Smear tests backlog 'near normal level', claims HSE
The backlog of CervicalCheck screening tests to be processed has been reduced to almost normal levels, the HSE said yesterday.
The latest official figure is 28,188, compared with a backlog of 81,346 tests back in March. That is just 5,000 above the expected number.
"This number has been decreasing significantly in recent weeks as our laboratories make steady progress in processing all outstanding tests, which we anticipate to be complete by the end of August," a spokesman for the HSE told the Irish Independent yesterday.
"When the CervicalCheck system is working in equilibrium, we would normally expect approximately 23,000 smear test samples to be in progress at any one time."
The backlog was largely driven by a Government promise that all women would be entitled to a retest following the scandal of allegedly misread tests, which had led to women including campaigner Vicky Phelan being told incorrectly that her smear was clear.
Ms Phelan, from Limerick, who received her diagnosis of cervical cancer in 2014, three years after the false all-clear, has now reacted to the latest controversy which saw more than 4,000 women fail to receive test results.
A report this week by Professor Brian MacCraith highlighted serious issues with communications between a US lab and CervicalCheck.
Ms Phelan, whose High Court case last year exposed serious problems with CervicalCheck, said she had hoped to take the summer off as she is "acutely aware this could be my last summer".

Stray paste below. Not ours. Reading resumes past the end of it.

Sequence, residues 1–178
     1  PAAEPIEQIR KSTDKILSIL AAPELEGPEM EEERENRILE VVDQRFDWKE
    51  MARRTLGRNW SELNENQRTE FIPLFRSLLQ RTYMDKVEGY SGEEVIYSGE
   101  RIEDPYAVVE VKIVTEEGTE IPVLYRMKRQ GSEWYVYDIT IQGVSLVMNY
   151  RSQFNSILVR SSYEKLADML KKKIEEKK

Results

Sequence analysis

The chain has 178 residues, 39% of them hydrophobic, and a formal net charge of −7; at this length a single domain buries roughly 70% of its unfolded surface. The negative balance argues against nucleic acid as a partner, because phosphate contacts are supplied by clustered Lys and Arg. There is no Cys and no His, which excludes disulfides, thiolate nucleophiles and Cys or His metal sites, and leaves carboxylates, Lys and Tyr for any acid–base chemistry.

"Treatment is going well but you never know with this disease," she said, adding that nonetheless she could not stay silent on the "letters fiasco".
Referring to the earlier report into CervicalCheck from Dr Gabriel Scally, Ms Phelan said it highlighted "a key weakness in the governance structures" in the HSE in regard to CervicalCheck and the National Screening Service (NSS) and how risks are identified, communicated and managed.
"Lessons do not appear to have been learned and we find ourselves now with another report recommending that the HSE move quickly to ensure...an active culture of risk management," said Ms Phelan.
She added that she welcomed the announcement by the new HSE chief Paul Reid that all the recommendations from Prof MacCraith's report will be implemented.
She said that Health Minister Simon Harris must now ensure that a 'women first' approach is taken within the health system.
"We need to take women's health more seriously," she said.
"Dr Scally demanded that 'more and different attention needs to be paid to women's health issues'.
"It is simply not enough to pay lip service to women's health. We have had enough."